Toy created by William Gruber
In the 1800's, a new piece of technology came on the scene which allowed
users to view 3-D images. Called the stereograph, this device used double images
on a postcard-sized paper to be viewed so that people saw the scene with depth.
Popular in many homes, the sterograph was limited by its ability to be able to
only see one image at a time.
In 1939, William Gruber invented a device that stored seven different images
on a circular card that could be viewed through a hand-held device. Calling
his invention the View-master, Gruber marketed this new product with the help of
Harold Graves as a type of home entertainment. The Viewmaster not only
allowed users seven images to the sterographs one, it also allowed them to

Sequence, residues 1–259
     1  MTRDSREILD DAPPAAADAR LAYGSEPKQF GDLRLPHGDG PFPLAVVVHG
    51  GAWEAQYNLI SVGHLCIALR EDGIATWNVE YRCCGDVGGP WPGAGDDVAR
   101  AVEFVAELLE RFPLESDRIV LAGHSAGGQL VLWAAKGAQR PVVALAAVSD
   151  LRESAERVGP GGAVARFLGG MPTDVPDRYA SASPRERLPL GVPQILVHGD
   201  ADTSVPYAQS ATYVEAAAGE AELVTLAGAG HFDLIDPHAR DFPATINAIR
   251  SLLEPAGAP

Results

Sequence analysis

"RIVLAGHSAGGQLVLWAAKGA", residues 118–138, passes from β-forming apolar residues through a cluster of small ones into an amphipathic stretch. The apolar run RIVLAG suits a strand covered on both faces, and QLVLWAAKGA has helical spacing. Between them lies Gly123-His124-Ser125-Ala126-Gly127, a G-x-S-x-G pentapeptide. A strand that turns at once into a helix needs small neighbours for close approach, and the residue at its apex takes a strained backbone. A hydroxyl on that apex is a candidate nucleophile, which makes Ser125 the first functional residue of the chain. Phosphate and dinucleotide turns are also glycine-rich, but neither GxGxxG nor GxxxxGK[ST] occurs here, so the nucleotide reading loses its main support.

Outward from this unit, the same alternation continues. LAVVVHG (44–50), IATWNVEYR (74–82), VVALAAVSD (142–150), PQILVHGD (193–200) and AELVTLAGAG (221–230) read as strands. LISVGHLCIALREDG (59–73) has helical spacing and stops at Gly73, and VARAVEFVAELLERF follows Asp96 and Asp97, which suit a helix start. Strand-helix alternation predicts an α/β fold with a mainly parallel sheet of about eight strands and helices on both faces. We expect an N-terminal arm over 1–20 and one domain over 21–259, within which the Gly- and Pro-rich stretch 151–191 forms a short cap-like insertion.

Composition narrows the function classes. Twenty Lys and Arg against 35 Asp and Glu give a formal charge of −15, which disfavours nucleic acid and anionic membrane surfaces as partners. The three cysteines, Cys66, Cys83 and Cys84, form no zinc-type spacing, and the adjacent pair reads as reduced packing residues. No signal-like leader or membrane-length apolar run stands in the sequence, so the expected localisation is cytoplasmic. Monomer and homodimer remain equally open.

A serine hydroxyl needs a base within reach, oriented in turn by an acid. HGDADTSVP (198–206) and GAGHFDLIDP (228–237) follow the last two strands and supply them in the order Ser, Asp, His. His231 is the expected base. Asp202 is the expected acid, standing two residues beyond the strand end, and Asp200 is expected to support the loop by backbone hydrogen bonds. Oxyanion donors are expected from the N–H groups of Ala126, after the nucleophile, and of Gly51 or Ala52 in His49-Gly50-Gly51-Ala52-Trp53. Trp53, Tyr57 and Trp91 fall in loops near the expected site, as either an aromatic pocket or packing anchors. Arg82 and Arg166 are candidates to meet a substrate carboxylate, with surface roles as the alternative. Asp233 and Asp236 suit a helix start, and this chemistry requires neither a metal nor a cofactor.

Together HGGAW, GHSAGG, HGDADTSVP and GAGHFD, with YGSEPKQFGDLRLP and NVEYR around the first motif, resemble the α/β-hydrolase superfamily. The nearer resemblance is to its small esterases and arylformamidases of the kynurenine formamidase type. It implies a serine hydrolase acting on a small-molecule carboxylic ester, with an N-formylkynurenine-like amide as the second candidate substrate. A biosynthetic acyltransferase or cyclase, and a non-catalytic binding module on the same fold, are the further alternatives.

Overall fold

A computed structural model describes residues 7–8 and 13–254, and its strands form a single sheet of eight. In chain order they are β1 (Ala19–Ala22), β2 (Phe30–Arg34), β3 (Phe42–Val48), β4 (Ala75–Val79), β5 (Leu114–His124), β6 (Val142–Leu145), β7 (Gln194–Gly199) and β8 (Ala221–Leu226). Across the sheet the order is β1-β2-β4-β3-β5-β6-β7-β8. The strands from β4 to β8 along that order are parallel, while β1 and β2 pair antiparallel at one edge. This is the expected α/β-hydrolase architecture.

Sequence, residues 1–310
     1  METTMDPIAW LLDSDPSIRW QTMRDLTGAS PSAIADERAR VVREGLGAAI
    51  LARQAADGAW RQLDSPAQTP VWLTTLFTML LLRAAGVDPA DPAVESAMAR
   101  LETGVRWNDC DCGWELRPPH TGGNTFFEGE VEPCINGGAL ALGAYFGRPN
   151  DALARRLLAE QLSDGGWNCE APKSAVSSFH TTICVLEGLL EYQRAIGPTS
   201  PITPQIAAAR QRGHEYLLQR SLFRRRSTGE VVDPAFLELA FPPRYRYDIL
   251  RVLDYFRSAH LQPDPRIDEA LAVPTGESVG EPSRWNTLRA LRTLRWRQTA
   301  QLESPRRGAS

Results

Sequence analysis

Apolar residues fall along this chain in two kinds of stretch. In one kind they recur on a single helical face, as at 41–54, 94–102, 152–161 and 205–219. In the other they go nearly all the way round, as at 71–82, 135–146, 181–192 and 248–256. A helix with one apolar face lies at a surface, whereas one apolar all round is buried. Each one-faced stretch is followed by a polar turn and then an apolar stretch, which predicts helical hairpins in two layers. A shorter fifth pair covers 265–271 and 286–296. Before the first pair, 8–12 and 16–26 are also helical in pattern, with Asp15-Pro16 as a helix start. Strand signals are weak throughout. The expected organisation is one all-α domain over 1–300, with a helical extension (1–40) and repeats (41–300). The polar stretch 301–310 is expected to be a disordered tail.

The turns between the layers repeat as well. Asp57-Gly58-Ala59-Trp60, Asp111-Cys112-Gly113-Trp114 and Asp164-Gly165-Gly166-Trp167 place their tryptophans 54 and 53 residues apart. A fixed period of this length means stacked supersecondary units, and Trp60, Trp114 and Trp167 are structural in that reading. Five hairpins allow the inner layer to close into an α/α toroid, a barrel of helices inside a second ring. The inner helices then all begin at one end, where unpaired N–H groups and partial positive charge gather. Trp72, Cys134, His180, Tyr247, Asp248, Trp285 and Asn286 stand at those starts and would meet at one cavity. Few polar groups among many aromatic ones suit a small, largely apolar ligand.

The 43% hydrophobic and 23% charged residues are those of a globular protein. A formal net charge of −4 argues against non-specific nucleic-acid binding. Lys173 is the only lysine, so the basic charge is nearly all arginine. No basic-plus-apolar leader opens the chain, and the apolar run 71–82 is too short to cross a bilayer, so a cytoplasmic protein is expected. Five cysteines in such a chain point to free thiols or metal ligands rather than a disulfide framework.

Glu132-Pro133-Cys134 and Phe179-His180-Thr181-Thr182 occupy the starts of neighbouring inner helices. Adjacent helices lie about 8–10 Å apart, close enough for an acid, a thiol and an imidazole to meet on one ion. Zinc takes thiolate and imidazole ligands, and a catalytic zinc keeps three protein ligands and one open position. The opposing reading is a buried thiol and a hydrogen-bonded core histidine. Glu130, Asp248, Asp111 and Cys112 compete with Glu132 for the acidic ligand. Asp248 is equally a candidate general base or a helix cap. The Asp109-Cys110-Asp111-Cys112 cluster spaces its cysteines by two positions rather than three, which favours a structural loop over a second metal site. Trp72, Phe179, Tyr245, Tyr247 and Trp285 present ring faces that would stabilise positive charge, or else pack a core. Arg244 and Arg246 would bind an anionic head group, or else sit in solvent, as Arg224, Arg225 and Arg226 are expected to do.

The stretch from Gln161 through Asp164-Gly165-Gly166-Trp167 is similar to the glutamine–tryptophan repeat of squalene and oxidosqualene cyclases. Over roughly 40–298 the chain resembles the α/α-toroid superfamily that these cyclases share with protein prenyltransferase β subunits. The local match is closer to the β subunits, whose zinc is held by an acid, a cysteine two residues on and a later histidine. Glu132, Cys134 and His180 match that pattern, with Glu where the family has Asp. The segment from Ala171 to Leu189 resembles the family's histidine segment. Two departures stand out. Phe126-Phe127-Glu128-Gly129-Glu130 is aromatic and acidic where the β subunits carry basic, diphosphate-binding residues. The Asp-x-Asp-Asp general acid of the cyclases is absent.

see the images in color through the use of Kodachrome film.
In 1951, Gruber's partner in the marketing of Viewmaster, Sawyer's, a greeting
card firm, acquired one of their competitors, Tru-View. While it allowed them
to have seemingly no competition in the market, more importantly it allowed them
to acquire Tru-View's contract with Walt Disney Studios. This allowed View-Master
to come out with discs or reels that contained many of Disney's beloved characters
as well as images from that land of dreams, Disneyland.
The View-Master has changed hands many times over the years, but is still a popular
product with children of all ages. Many of the older reels have become much
sought collectors items and are hot commodities.